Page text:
A table, seat, and board designed to work together to support agile workers in a flexible work environment within a post-pandemic society.
Brief: In this self-directed design project, we developed a significant ‘Minor Project’ that showcases subject specialist skills, knowledge and understanding of other disciplines, and applied design research. We were tasked with developing our own design opportunity and objective.
Design Opportunity: An increasing number of companies support flexible working and encourage agile ways of working and Agile methodologies. Companies need adaptable furniture and equipment to engage employees in these new ways of working, which are especially relevant to a post-pandemic work world.
Design Objective: Design an adaptable system or product line to support agile workers in flexible work environments.
User Group: Office workers and Agile project managers. The term ‘office worker’ includes roles that are commonly conducted in a commercial office space and excludes workers in manual labour roles. However, the term does not mean the audience must be in a traditional commercial office. This audience could work in a café style office, from home, in traditional work spaces, or in any futuristic imagined spaces.
Stakeholders: Interior designers, commercial office furniture dealers and sales representatives, facilities managers, and human resources personnel that may influence office and work environment design.
I began this project with ethnographic and contextual research of office workers, specifically those who use Agile methodologies or agile ways of working.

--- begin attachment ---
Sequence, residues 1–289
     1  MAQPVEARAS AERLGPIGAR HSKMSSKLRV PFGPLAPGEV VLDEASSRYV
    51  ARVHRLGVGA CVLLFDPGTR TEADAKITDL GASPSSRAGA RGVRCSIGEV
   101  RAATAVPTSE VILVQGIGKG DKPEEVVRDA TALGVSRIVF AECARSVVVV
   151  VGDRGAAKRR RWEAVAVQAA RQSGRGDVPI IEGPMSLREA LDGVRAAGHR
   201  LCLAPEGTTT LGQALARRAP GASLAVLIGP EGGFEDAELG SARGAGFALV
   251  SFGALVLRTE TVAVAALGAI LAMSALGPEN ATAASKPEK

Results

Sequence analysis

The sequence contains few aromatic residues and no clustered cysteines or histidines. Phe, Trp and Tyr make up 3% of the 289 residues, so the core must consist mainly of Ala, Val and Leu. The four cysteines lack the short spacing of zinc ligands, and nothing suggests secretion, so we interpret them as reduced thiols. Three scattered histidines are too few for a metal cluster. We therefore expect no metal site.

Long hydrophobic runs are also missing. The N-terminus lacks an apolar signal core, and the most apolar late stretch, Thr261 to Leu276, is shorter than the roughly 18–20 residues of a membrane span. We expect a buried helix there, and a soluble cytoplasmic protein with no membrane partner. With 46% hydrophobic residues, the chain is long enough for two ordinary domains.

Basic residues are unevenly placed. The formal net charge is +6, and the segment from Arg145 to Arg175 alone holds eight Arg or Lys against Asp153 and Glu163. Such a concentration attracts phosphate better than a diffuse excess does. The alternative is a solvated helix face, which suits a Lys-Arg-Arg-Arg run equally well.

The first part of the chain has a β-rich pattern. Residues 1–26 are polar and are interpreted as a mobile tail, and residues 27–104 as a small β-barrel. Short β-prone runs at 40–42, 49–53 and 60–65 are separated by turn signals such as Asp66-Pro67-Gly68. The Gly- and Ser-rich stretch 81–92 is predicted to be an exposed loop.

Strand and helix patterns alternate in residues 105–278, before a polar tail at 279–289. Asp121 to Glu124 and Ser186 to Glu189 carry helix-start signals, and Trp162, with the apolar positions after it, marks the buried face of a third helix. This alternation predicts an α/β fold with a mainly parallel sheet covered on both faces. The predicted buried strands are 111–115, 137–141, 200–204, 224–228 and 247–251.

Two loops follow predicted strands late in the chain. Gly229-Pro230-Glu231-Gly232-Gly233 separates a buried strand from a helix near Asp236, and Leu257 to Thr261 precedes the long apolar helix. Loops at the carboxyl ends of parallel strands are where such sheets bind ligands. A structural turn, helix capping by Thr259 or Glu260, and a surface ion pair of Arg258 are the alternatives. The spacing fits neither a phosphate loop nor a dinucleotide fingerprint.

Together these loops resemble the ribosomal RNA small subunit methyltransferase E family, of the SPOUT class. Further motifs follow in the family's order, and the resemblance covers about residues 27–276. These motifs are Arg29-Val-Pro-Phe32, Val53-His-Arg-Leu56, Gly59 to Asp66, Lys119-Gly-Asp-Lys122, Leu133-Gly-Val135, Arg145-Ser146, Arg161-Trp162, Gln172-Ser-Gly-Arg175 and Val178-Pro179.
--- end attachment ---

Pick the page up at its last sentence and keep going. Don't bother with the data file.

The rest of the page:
Personal Expertise / Self Ethnography
In my career, I have sold commercial office furniture to a variety of clients. This experience gave me insights into the office furniture industry. I have also worked as a PMO analyst (Portfolio Management Office) and am trained in Agile methodologies and ways of working (Six Sigma Yellow Belt and Scrum Fundamentals Certified). While my background means I am a member of hte user group, I realise it could introduce a potential for personal bias throughout the design process. However, I turned my experience to advantage by using self-ethnography to support the project. Due to time constraints, this self-ethnographic approach was invaluable. I conducted additional primary and secondary research to further inform the design process.
Interviews & Research Through Design
I conducted interviews with two members of my audience (both were end-users and one also represented a stakeholder group). I documented these interviews in my journal below, and used these notes throughout the process to inform my design. I also gathered user feedback which informed the final project realization. Following this initial scoping process, I developed the concept, created static models, and constructed a proof of concept prototype. I documented this process in detail in my design journal (see below).
I researched Agile methodologies and adaptable product solutions currently on the market. I documented my research using mind mapping and collage. I also looked into ways my products could be engineered (see journal below).
Frayling’s definition of ‘research through design’ is broken into three sections; materials research, development work and action research (Frayling, 1993/4). He describes action research as ‘where a diary tells in a step-by-step way, of a practical experiment in the studios‘. (Frayling, 1993/4, p.5). This position on the design process and its importance (along with learnings from my MA modules) inspired me to create my own design journal to document the process of my work. This journal is more than a diary of action research however, it includes documentation of development work and materials research, as well as research for design through the detailed documentation of my user interviews and received feedback.